On October 1, 1996, Juan Gonzalez hit a three-run homer that put the Texas Rangers in the lead. The Rangers held on to beat the Yankees, 6-2, in Game 1 of the ALDS. This is the only playoff game the Rangers have ever won. 2010 is the franchise's 50th season in the league.
The Montreal Expos are baseball's saddest story, but the Rangers' story isn't talked about as often as it should be, probably because the Rangers haven't been an outright bad team in decades and because they've been represented by plenty of household names (Josh Hamilton, Alex Rodriguez, Juan Gonzalez, Nolan Ryan, etc.) But again, consider this: a team with a .470 all-time winning percentage has been around since 1961 (when they were the Washington Senators), and has only one playoff win to its name.
Time for a chart. Take a look, after the jump.
This chart includes every team that has been around since at least 1961. Over the past 49 seasons, the Yankees have averaged 2.7 playoff games won per year. The Rangers have averaged 0.02. A quick note on what this chart is not: an unbiased indicator of success. The Braves, for example, look very good on this chart because the majority of their best years fall in the wild card era (post-1993).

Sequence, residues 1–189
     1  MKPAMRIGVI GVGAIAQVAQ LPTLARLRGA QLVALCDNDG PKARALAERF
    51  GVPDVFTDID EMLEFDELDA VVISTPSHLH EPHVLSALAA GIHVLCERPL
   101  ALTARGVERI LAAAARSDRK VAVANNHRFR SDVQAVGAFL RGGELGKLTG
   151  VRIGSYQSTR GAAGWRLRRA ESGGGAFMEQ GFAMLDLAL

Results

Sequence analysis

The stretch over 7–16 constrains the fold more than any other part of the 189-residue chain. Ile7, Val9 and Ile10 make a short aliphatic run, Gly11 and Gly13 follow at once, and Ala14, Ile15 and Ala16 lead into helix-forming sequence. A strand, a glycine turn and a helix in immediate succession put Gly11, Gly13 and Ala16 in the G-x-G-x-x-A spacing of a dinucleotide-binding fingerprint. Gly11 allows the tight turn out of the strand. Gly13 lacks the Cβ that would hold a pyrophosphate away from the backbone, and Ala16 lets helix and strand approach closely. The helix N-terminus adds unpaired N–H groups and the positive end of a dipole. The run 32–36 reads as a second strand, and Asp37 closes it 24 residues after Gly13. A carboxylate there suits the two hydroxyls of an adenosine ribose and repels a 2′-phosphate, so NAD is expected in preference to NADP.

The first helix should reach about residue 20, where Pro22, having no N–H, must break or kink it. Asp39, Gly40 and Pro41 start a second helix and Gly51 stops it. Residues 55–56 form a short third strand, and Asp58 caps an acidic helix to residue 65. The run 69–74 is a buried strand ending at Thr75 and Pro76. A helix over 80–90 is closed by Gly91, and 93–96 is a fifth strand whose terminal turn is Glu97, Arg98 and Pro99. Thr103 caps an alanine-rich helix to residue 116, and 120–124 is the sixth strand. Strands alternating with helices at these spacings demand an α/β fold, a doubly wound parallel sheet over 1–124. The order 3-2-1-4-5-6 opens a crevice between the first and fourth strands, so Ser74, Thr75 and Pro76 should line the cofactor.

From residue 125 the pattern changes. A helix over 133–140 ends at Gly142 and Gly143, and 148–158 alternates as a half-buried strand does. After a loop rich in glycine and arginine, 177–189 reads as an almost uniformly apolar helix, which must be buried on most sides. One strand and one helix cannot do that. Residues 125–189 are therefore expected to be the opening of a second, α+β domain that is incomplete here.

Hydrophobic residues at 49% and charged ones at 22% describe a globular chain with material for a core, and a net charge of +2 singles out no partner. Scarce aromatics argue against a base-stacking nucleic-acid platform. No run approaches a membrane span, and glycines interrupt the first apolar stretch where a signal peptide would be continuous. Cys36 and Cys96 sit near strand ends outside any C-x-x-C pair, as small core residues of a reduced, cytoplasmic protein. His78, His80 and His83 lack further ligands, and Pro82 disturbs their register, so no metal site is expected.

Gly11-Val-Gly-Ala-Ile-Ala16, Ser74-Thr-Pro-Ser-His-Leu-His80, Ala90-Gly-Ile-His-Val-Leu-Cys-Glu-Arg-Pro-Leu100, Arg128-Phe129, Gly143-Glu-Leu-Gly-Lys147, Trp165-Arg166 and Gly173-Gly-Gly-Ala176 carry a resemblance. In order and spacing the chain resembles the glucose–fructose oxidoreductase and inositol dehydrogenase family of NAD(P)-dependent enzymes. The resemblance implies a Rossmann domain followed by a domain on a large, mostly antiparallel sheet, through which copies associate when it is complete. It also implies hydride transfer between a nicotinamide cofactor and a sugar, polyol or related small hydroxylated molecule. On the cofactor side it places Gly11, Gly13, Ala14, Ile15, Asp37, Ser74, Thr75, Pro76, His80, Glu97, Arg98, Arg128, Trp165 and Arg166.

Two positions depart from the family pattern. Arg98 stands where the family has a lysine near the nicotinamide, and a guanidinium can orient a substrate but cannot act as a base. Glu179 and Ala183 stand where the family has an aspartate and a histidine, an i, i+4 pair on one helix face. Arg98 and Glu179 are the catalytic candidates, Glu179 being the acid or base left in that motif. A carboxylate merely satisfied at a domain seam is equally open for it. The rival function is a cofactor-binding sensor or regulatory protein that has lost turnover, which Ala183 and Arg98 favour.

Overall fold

This perspective is valuable, I think, simply because it illustrates how many times this franchise and its fans have experienced reasons to celebrate. They've won three division titles and one playoff game. That's it, and that's why the 2010 Texas Rangers deserve our attention. They'll enter the All-Star break with a division lead and (probably) the third-best run differential in baseball. And despite his underwhelming debut in a Rangers uniform, Cliff Lee will contribute in a big way.
You ought to be a fan of the Rangers this season, in part because they've historically been too benign to be your enemy, and in part because they're fun to watch, but mostly because this team's story is among the very most compelling in baseball. If you're into stories.
Keep up with the Rangers this season with SB Nation's Rangers blog, Lone Star Ball.